Tribeca Restaurant which opened in the Rockridge District in Oakland on December 1995, offers an extensive menu of healthy and varied multi-ethnic food cooked to order and served in a cheerful and modern dining room. Tribeca owner Ali Ghafouri is pleased to announce the arrival of Chef Treavor Hudgens (Now & Zen, SF; Porcini, Berkeley) who joined Tribeca in March and has fine-tuned the menu and is offering daily lunch specials served from 11:00 am-3:30 pm. Live jazz is performed Friday and Saturday starting at 8:30 pm.
At Tribeca, customers can choose a culinary style: Thai, Chinese, Caribbean, an Italian pasta or a Mexican burrito, three fresh seasonal vegetables with chicken, flank steak or tofu which are immediately cooked to order. All entrees are $5.95. Tribeca menu options also include a variety of salads and sandwiches as well as a children's menu. Lunch specials are $4.25 ($4.50 with soda) and feature dishes like Thai Chicken or Steak with Bean Sprouts and Mushrooms in Coconut Sauce with Basmati Rice or Thai Tofu with Snow Peas and Broccoli with Red Curry Sauce with Basmati Rice. Tribeca offers counter service during lunch and full table service at dinner.
Owner Ali Ghafouri worked with consulting chefs William Grove-Fanning and Loretta Rampone of The California Culinary Academy on developing a fresh, flavorful and healthy menu that could be prepared quickly. "The vegetables we serve are the finest available and are prepared fresh throughout the day. Our sauces are made fresh daily and we never use preservatives or MSG. All our food is cooked to order in the open kitchen using the minimum amount of soy oil for maximum flavor."
Ghafouri, who majored in business and engineering, was introduced to the food business by way of a Subway Sandwich franchise where he learned how an efficiently run fast food operation works. Today Ghafouri owns five Subways in the East Bay. The development of Tribeca and its concept came about because of a vacuum Ghafouri saw in what restaurants were offering. "Tribeca's combination of fast service, low prices and a low-fat, healthy multi-ethnic menu served in an attractive dining room was needed in this area," comments Ghafouri. Ghafouri chose Tribeca as the name of his restaurant because its namesake, Tribeca (which stands for Triangle Below Canal), a neighborhood in New York City, is an exciting, diverse and modern district—not unlike the several culinary styles available at Tribeca.
In addition to the start-up of Tribeca and running his Subway franchises, Ghafouri is currently working on his M.S. in Economics and is planning to open more Tribeca locations in downtown San Jose and San Francisco later in 1996.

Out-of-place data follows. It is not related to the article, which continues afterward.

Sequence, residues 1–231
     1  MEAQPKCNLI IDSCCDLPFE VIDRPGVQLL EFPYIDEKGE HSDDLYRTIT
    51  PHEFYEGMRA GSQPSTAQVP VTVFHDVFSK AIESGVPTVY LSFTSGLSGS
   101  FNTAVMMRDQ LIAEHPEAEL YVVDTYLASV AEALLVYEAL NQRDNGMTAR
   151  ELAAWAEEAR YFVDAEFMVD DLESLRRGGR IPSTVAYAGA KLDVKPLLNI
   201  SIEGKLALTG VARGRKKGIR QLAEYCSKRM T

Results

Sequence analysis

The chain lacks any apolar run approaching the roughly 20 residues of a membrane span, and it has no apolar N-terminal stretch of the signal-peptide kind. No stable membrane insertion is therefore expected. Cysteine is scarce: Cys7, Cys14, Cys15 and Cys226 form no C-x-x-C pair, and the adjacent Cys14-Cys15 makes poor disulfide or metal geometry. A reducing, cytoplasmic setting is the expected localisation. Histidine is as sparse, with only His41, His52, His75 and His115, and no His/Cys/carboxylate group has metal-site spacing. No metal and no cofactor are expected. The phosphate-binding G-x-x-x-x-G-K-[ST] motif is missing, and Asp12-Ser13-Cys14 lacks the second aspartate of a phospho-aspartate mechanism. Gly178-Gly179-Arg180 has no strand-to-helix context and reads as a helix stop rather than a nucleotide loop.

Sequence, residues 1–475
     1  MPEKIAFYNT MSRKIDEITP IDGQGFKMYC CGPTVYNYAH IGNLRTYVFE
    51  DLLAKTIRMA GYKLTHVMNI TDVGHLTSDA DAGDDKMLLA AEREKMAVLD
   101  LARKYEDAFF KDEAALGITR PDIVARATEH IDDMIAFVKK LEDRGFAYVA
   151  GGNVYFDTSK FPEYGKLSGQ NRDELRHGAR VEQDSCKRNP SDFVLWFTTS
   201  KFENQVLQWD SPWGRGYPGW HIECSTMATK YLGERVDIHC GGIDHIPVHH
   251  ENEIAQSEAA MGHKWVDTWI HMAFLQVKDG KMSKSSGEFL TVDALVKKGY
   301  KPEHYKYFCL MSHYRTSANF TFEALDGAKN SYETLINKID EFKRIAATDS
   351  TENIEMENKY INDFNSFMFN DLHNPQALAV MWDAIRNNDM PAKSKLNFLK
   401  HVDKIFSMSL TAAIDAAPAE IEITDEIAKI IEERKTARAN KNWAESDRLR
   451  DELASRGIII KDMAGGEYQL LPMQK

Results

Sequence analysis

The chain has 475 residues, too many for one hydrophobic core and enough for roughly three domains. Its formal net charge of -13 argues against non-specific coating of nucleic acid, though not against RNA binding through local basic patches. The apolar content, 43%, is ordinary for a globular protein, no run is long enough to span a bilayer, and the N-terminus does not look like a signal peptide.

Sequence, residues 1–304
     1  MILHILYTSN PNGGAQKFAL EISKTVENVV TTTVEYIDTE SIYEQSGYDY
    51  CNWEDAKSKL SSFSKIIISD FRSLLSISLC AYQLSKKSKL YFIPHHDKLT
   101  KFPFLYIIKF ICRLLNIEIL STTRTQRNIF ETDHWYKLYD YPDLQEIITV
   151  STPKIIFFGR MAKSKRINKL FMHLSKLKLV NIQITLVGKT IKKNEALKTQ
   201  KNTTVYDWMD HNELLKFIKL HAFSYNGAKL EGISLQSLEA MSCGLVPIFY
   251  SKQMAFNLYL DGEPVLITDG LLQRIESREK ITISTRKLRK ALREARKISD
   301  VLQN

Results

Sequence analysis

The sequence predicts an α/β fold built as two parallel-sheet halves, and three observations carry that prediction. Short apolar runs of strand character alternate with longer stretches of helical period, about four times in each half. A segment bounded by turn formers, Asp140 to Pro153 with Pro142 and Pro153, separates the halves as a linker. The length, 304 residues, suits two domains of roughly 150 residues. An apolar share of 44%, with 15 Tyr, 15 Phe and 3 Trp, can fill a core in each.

What: Tribeca Restaurant (open December 22, 1995) Where: 5915 College Avenue, Oakland Tel: 510-653-3200 Fax: 510-652-3708 Key Players: Proprietor: Ali Ghafouri Chef: Treavor Hudgens Consulting Chefs: William Grove-Fanning and Loretta Rampone of the California Culinary Academy Hours: Daily from 10:30 am-10:00 pm Friday and Saturday 10:30 am-11:30 pm Live Jazz Friday and Saturday starting at 8:30 pm Cuisine: "Fresh food from around the Globe" Healthy entrees cooked to order with customers' choice of three vegetables with chicken, flank steak or tofu in any of the following culinary styles: Thai, Caribbean, Chinese, Mexican burrito or Italian pasta. All entrees: $5.95 Daily lunch specials $4.25 ($4.50 with soda Salads, Sandwiches,Children's menu available. Espresso drinks and desserts served throughout the day. Wine/Beer: Wine and an international selection of bottled beers Capacity: 50 Ambiance: Contemporary California-style cafe with marble topped tables and exposed brick walls. Light-filled dining room with picture windows facing College Avenue. Decor: By Bay Area architect, Marcy Wong. Parking: Parking lot in the rear of the building and on-street. Notes: Counter service at lunch; table service during dinner.
By Treavor Hudgens, Chef
Tribeca Restaurant, Oakland
Yield: 1 serving
Season Tuna with salt and pepper. Heat one 12" sauté pan and place olive oil in it. Sear fish on all sides.
Line other sauté pan with the foil. Now place the tea on top of the foil; followed by the rack. Put the tuna on the rack and cover with the lid. Turn heat on high and allow the tea to burn. Let smoke for about 20 minutes.
Rinse quinoa thoroughly. Place pot on stove with olive oil and turn heat on low. Add shallots and allow to caramelize. Add garlic and sauté for four minutes. Add quinoa, sauté and stir, then add the marjoram and the stock. Bring to a boil then reduce to a simmer. Cover and let simmer for 20 minutes. Remove lid and see if there is any stock left. If there is cook longer. If not, turn off heat and leave lid on. Allow to steam for 10 minutes. Plate and serve.
by Treavor Hudgens, Chef
Tribeca Restaurant, Oakland
Yield: 1 serving
Place pear in boiling water for 5 minutes. Transfer to ice water. Remove and let dry. Preheat oven to 300 degrees F. Put mirin, madeira and water in a pot and bring to simmer. Add the pear let poach for 10 minutes. Remove and let dry. Fill pear with the mixture of cranberries, pecans, honey and cinnamon.
Place 1 sheet of fillo on work surface. Brush with apple juice. Repeat process 3 more times Put pear in center of sheets and pull the corners to form a pouch. Brush the outside and place on a cookie sheet or pie tin. Bake for 25-30 minutes or until golden brown.
Process johnny apples then put apple purée in a sauté pan with ginger, water, cinnamon and sugar. Cook for about 10 minutes on low heat.Serve fillo wrapped pear on top of apple sauce.
This page originally published as a FoodDay article in 1997.
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This page modified January 2007
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